Fresh off a $30 million renovation, this art museum on the campus of Indiana University takes visitors on a global journey without ever leaving Bloomington.
As an otherwise proud Indiana University alumni, I’m ashamed to admit I’d never visited Sidney and Lois Eskenazi Museum of Art until a few weeks ago. A recent trip to the IU Auditorium for a production of Les Miserables with my son presented the perfect opportunity to discover the family-friendly facility.
Right in the heart of the beautiful limestone campus, the landmark Modernist facade that’s housed the art museum since 1982 was designed by renowned architect I.M. Pei. The attraction reopened to the public in November 2019 after a two-year, multimillion-dollar renovation that refreshed gallery spaces, updated mechanical systems and improved all-around access.
The museum maintains an extensive 45,000-piece collection steadily amassed since the facility’s inception in 1941, inviting guests to explore seven galleries, a café (closed until further notice) and learning centers across multiple floors. Not for students only, the public is welcome to visit the museum at any time. Best of all, there’s never an admission charge.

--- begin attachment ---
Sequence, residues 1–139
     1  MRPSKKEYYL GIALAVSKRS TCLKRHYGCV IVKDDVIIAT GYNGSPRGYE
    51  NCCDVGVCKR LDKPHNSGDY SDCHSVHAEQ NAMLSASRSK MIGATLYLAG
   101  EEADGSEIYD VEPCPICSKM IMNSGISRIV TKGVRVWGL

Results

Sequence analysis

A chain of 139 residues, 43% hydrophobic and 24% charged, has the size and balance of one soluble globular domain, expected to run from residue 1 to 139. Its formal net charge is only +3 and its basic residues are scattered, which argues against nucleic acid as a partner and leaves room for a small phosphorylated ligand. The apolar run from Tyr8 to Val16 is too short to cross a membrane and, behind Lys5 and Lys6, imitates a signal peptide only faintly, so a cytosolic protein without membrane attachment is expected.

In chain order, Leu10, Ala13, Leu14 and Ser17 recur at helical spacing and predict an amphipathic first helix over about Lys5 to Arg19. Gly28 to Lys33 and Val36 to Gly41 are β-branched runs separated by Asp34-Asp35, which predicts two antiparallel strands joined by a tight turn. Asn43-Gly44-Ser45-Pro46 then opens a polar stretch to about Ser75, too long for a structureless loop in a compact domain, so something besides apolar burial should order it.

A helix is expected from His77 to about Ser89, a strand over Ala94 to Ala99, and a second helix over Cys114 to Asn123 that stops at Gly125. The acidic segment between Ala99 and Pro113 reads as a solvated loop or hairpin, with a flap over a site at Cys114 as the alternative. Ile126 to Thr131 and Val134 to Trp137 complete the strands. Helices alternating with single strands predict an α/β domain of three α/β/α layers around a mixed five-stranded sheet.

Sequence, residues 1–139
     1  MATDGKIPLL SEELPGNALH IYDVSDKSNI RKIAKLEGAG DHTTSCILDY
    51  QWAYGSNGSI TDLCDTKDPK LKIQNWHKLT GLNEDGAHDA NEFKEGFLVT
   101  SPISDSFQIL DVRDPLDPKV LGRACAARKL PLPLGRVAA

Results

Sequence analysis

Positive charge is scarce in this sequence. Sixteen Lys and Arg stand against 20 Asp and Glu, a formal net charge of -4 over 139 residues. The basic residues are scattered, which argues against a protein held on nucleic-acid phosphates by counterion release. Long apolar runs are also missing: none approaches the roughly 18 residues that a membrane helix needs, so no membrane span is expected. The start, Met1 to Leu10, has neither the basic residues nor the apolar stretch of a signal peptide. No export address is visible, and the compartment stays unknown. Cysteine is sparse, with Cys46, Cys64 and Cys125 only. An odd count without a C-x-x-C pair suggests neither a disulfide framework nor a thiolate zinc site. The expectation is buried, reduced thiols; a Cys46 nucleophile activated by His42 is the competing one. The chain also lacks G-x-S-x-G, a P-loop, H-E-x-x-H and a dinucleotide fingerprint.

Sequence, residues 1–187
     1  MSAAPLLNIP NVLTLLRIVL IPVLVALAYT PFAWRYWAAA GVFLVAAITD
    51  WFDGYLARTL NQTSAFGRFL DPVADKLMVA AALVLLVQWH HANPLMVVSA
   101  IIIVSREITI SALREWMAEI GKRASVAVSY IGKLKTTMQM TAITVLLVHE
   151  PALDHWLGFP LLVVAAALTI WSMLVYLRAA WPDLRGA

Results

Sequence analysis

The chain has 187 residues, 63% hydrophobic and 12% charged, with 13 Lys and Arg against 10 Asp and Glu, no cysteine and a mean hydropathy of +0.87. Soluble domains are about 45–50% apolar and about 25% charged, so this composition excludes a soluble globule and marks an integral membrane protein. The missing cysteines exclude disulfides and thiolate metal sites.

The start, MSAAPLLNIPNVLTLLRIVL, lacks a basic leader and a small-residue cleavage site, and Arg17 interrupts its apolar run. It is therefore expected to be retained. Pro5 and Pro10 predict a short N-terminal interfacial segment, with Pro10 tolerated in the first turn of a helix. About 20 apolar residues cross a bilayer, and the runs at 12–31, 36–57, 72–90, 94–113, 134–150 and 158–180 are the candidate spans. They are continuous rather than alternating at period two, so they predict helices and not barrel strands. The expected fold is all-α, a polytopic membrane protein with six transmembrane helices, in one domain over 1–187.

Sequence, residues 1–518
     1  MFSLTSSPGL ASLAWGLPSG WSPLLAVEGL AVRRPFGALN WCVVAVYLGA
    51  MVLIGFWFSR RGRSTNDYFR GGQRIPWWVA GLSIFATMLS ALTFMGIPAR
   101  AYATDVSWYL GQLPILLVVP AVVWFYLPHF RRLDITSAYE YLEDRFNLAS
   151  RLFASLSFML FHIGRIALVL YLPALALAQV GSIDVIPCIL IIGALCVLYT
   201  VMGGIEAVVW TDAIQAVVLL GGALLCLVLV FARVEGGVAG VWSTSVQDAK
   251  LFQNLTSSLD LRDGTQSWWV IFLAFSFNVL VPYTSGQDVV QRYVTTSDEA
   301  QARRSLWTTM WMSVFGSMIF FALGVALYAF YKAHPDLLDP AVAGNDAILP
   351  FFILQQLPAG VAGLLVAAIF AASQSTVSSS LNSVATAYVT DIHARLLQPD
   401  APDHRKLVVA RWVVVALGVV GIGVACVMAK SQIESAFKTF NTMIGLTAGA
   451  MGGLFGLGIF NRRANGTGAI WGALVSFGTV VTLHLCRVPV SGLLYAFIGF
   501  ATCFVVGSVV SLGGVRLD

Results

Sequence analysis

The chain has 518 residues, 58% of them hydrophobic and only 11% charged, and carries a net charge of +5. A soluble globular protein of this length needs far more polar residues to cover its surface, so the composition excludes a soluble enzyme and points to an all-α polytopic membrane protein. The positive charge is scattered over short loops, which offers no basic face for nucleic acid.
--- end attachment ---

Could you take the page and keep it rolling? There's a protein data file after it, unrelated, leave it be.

The iconic round red “Indiana Arc” aluminum sculpture by Charles O. Perry anchors the entrance and makes the museum easy to spot.
Inside, guests enter into a sunny atrium space leading to a handful of galleries that feature expertly curated collections of Ancient, Asian, Islamic, European, American, Contemporary, African, Oceanic and Indigenous American art. It’d be easy to spend an entire morning or afternoon taking in the stunning exhibits and displays. The museum’s expansive holdings of prints, drawings and photographs are also well worth exploring.
If you happen to be walking by the museum at night, take a minute to appreciate the “Light Totem” installation, a color-shifting LED tower outside the entrance.
The Eskenazi Museum of Art is closed Monday – Wednesday, so time your visit accordingly. Paid parking is available in the Indiana Memorial Union lot just across the street. For more information, visit artmuseum.indiana.edu.